Juvenile Arthritis – Boys Town National Research Hospital

Juvenile Arthritis – Boys Town National Research Hospital


Juvenile Idiopathic Arthritis is really the
bread and butter of autoimmune diseases for pediatric rheumatologists. We have several different types of juvenile
arthritis and I think it’s important to know that our types of disease is a little
different than the common rheumatoid arthritis you see in adults, but basically arthritis
when you break it down is simply arthritis or inflammation of joints and we really look
at how many joints are involved and that helps us how to target that therapy. Juvenile arthritis can come in forms that
start in just large joints of the lower extremities, knees and ankles. That’s our most common form. That is called oligoarthritis or what was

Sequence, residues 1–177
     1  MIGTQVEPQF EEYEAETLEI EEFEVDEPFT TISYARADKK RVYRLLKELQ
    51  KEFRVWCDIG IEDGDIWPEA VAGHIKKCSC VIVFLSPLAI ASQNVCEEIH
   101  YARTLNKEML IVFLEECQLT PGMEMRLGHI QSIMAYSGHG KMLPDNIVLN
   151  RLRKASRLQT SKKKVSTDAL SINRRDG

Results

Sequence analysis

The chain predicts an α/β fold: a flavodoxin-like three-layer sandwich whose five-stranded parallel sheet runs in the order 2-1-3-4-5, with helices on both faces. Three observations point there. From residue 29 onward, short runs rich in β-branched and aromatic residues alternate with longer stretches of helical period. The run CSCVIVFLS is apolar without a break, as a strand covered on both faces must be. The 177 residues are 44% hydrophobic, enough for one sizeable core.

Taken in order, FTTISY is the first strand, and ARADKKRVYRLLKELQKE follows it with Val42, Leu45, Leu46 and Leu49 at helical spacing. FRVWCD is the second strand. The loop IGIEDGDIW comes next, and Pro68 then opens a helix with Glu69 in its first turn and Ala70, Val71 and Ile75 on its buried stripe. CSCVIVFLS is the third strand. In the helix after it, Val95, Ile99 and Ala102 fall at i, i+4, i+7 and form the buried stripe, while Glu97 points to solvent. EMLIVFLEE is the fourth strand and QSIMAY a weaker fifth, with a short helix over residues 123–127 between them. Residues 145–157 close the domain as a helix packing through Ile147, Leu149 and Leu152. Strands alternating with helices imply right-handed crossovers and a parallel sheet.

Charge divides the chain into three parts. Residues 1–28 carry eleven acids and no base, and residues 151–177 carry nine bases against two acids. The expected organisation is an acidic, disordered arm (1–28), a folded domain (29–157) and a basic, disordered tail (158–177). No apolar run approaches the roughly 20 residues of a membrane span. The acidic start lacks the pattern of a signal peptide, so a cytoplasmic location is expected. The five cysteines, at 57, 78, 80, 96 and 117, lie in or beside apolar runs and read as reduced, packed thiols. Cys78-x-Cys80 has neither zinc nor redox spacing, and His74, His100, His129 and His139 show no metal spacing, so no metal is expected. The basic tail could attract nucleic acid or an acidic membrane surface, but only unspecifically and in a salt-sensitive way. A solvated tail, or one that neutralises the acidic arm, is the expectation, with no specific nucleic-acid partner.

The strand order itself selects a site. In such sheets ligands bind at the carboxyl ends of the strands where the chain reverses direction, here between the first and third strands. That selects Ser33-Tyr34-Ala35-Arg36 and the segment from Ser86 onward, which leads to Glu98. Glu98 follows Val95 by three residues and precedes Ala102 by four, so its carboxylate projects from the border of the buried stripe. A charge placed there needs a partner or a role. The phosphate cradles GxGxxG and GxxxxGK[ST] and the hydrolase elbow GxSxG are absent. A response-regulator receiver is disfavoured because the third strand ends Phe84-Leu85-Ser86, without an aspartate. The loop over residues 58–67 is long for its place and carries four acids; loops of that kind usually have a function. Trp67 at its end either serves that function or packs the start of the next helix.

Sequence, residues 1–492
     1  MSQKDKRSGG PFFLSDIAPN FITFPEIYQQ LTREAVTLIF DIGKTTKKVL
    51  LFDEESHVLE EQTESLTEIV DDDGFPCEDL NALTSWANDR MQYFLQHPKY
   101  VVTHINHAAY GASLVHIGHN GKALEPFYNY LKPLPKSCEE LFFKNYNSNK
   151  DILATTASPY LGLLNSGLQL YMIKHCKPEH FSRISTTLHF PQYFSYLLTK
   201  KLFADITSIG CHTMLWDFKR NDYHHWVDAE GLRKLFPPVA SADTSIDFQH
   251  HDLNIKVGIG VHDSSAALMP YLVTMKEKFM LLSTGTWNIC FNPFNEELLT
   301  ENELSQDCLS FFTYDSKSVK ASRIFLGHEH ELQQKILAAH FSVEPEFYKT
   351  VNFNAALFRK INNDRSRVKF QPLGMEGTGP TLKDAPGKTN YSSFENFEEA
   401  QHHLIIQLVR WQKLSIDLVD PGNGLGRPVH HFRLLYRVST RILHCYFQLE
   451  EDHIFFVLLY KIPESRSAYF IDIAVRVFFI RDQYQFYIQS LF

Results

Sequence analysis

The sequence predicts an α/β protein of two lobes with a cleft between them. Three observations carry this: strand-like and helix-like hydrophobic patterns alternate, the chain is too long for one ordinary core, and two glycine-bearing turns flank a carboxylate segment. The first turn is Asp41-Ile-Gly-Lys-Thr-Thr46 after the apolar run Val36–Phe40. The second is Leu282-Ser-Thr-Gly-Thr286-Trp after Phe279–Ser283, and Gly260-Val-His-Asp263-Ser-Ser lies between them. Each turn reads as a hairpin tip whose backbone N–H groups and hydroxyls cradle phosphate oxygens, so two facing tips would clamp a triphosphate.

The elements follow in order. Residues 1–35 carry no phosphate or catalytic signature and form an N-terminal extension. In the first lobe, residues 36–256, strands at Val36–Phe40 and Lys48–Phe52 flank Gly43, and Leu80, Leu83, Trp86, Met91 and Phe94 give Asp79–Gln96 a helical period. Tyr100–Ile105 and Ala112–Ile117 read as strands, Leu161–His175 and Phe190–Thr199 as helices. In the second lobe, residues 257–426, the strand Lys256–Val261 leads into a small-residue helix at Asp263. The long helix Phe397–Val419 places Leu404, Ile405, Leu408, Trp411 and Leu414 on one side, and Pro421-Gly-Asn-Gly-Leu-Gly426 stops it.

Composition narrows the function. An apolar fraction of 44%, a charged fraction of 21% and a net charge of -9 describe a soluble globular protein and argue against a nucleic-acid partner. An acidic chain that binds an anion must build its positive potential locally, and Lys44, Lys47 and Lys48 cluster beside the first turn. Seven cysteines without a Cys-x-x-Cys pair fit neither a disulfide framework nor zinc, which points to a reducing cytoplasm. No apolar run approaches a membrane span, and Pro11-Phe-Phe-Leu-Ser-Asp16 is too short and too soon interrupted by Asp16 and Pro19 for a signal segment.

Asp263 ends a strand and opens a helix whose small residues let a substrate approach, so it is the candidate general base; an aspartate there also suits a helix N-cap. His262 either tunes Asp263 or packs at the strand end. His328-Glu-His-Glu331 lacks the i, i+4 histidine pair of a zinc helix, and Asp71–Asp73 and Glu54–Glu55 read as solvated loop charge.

used to be called pauciarticular arthritis. It just means few joints involved and then
we start to see what we call polyarthritis and that is multiple joint arthritis, so five
or more joints and those are a little bit older kids typically and those start to involve
upper extremity joints, more frequently fingers and looks a little bit more like the adult
form. Even if you have polyarthritis, you’re still
more likely not to have the adult form of arthritis. I think that is important because there is
some stigma to the adult form that is different than our types of disease. So if they only have one or two joins, then
we typically will use a more conservative therapy, something like nonsteroidal anti-inflammatory. Maybe local joint injections with steroid
and then if they develop more of a refractory course or they have a lot of joints that onset,
then we’ll use systemic medications to calm that joint disease down.

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